CURRENT MONTH (August 2021)
Ethics and Professional Responsibility
What is Reciprocal Discipline?
by Keith R. Fisher
Many of us have experienced (to our chagrin) getting “points” (really demerits) on our driver’s licenses or suffering the potential for license suspension because of a traffic violation that occurred in another state. Reciprocal discipline in legal ethics is conceptually similar: It is the practice of subjecting a lawyer licensed in Jurisdiction B to discipline for misconduct that occurred, and resulted in disciplinary action involving the same lawyer, in Jurisdiction A. In other words, misconduct that led to discipline in one state can lead to discipline in another state without any further or separate allegation of misconduct in that second state.
The principal rationale for reciprocal discipline is protecting the public from injury that might occur if a lawyer disbarred or suspended in Jurisdiction A is permitted to continue to practice in Jurisdiction B. Other rationales include maintaining public confidence in the administration of justice and upholding the integrity of the legal profession.
While this phenomenon usually takes place between or among states, it also can result in suspension or disbarment from practice in the federal courts. This is because typical rule language (such as Fed. R. App. P. 46) predicates admission to the bar of a federal court on a lawyer’s being “of good moral and professional character” and contemplates suspension or disbarment when the same has taken place “in any other court.” Courts are widely regarded, as the Preamble to the ABA Model Rules for Lawyer Disciplinary Enforcement (the “MRLDE”) asserts, as enjoying “inherent” authority to “maintain appropriate standards of professional conduct.”
Reciprocal discipline in federal court is not, however, automatic. As the U.S. Supreme Court has noted, “Though admission to practice before a federal court is derivative from membership in a state bar, disbarment by the State does not result in automatic disbarment by the federal court. Though that state action is entitled to respect, it is not conclusively binding on the federal courts.”
A recent D.C. Circuit decision illustrates the process. The former general counsel (the “G.C.”) of a public interest organization went on to represent three clients who were adverse to that organization. Model Rule 1.9(a) addresses this situation clearly: “A lawyer who has formerly represented a client in a matter shall not thereafter represent another person in the same or a substantially related matter in which that person’s interests are materially adverse to the interests of the former client unless the former client gives informed consent, confirmed in writing.” This rule has been pervasively adopted by the states, though a small minority, such as Illinois and Michigan, have dispensed with the “confirmed in writing” requirement. The D.C. Board on Professional Responsibility found, after a hearing, that the G.C. had violated D.C.’s Rule 1.9, and in 2020 the D.C. Court of Appeals suspended him for 90 days. In March 2021, the U.S. Court of Appeals for the D.C. Circuit, rejecting arguments made on the G.C.’s behalf by the late Professor Ronald Rotunda, concurred with these conclusions and imposed identical reciprocal discipline (though beginning on a later date).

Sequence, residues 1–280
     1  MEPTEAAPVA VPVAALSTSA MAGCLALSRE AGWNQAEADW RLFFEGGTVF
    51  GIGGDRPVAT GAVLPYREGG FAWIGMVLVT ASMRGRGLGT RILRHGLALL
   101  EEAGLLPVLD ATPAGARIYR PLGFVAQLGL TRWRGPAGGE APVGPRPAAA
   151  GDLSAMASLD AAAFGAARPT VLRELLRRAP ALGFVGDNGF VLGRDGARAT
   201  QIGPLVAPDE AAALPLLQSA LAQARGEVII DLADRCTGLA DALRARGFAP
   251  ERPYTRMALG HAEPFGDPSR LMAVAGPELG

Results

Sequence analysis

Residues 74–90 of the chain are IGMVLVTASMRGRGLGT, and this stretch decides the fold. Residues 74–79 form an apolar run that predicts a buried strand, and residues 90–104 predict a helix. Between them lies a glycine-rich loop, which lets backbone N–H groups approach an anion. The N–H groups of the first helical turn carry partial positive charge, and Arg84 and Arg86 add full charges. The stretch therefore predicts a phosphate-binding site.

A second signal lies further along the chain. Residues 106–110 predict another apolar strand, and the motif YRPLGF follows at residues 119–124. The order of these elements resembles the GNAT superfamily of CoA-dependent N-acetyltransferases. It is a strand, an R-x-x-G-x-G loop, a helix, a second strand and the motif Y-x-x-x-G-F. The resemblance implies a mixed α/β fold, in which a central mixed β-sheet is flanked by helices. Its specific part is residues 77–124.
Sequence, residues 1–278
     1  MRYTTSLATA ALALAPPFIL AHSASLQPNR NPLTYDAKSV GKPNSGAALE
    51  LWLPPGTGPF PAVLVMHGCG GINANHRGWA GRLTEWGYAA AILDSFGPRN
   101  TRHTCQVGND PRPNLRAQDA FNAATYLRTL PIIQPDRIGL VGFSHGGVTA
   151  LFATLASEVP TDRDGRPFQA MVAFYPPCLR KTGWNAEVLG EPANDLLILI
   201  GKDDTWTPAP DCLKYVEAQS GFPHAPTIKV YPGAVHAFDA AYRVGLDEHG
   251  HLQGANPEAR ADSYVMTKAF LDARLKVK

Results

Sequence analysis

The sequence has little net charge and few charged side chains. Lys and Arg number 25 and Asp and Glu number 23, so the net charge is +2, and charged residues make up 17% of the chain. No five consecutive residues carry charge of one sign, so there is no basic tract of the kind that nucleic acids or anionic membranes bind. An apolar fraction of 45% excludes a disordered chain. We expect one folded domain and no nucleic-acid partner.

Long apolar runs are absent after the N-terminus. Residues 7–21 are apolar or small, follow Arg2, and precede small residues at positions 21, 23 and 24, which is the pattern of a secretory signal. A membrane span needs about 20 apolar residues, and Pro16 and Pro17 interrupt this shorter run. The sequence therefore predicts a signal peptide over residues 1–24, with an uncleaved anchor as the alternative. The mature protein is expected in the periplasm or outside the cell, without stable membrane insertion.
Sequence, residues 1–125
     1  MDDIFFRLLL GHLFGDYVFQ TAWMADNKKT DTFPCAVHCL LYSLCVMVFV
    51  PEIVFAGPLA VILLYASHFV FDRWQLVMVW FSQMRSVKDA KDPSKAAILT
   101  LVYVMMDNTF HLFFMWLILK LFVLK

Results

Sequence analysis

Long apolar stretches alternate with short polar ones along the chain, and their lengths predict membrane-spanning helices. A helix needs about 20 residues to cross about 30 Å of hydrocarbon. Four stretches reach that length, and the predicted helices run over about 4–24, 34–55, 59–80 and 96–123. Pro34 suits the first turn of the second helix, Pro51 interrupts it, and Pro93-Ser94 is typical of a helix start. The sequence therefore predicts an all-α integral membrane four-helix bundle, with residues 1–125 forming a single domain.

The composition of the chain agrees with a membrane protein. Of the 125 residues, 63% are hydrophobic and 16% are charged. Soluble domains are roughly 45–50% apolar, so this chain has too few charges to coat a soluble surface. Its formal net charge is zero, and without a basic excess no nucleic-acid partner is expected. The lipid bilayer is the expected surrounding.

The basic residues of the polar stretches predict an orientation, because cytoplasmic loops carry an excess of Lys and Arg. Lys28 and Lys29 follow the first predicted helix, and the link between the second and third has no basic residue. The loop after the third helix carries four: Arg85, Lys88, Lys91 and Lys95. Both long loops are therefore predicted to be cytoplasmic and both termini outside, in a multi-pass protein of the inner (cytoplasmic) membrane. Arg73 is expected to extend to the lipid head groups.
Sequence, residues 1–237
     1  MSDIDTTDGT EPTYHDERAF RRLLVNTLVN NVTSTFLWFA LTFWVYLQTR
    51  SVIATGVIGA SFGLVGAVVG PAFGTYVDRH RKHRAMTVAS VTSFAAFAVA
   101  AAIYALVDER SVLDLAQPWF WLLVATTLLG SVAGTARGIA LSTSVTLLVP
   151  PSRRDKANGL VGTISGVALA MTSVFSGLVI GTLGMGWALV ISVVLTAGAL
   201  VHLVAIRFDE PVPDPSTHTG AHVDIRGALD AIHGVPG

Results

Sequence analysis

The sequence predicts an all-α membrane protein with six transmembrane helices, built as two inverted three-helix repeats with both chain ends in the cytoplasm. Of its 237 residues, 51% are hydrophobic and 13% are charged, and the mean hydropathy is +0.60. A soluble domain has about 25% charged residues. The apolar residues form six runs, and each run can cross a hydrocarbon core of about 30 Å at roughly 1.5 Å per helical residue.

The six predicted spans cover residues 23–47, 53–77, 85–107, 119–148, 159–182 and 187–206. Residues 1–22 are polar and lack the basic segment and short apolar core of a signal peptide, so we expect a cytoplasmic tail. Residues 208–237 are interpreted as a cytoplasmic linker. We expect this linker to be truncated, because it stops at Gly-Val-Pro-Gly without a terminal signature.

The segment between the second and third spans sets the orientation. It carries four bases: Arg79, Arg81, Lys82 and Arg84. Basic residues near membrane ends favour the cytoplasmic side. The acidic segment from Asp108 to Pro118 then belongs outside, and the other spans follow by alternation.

Here are some of the key things about reciprocal discipline that a lawyer should know:
- A lawyer licensed in Jurisdictions A and B must, if those jurisdictions have adopted MRLDE 22(A), report to the appropriate authority in B (which could be another state or could be one or more federal courts) that he or she has been subject to discipline in A. Note that disciplinary authorities also have access to the ABA’s National Lawyer Regulatory Bank. Typically, reciprocal discipline in B will be identical unless it is determined that the imposition of the same discipline would be fundamentally unfair. Reciprocal discipline in B can be more severe in some jurisdictions (e.g., Florida, D.C.), but in others (e.g., Utah) that is impermissible.
- In general, under MRLDE 22(D)-(E), discipline from A is conclusive in B that the misconduct charged occurred, unless —
- “The procedure was so lacking in notice or opportunity to be heard as to constitute a deprivation of due process; or
- There was such infirmity of proof establishing the misconduct as to give rise to the clear conviction that the court could not, consistent with its duty, accept as final the conclusion on that subject; or
- The discipline imposed would result in grave injustice or be offensive to the public policy of the jurisdiction;
- The reason for the original transfer to disability inactive status no longer exists.”
- If a lawyer has not yet been subjected to discipline but only charged in A with a disciplinary violation, the proceeding is public, except for (1) deliberations of the hearing committee, board, or court; or (2) information with respect to which the hearing committee has issued a protective order. The appropriate disciplinary authority in B may then decide to commence its own investigation.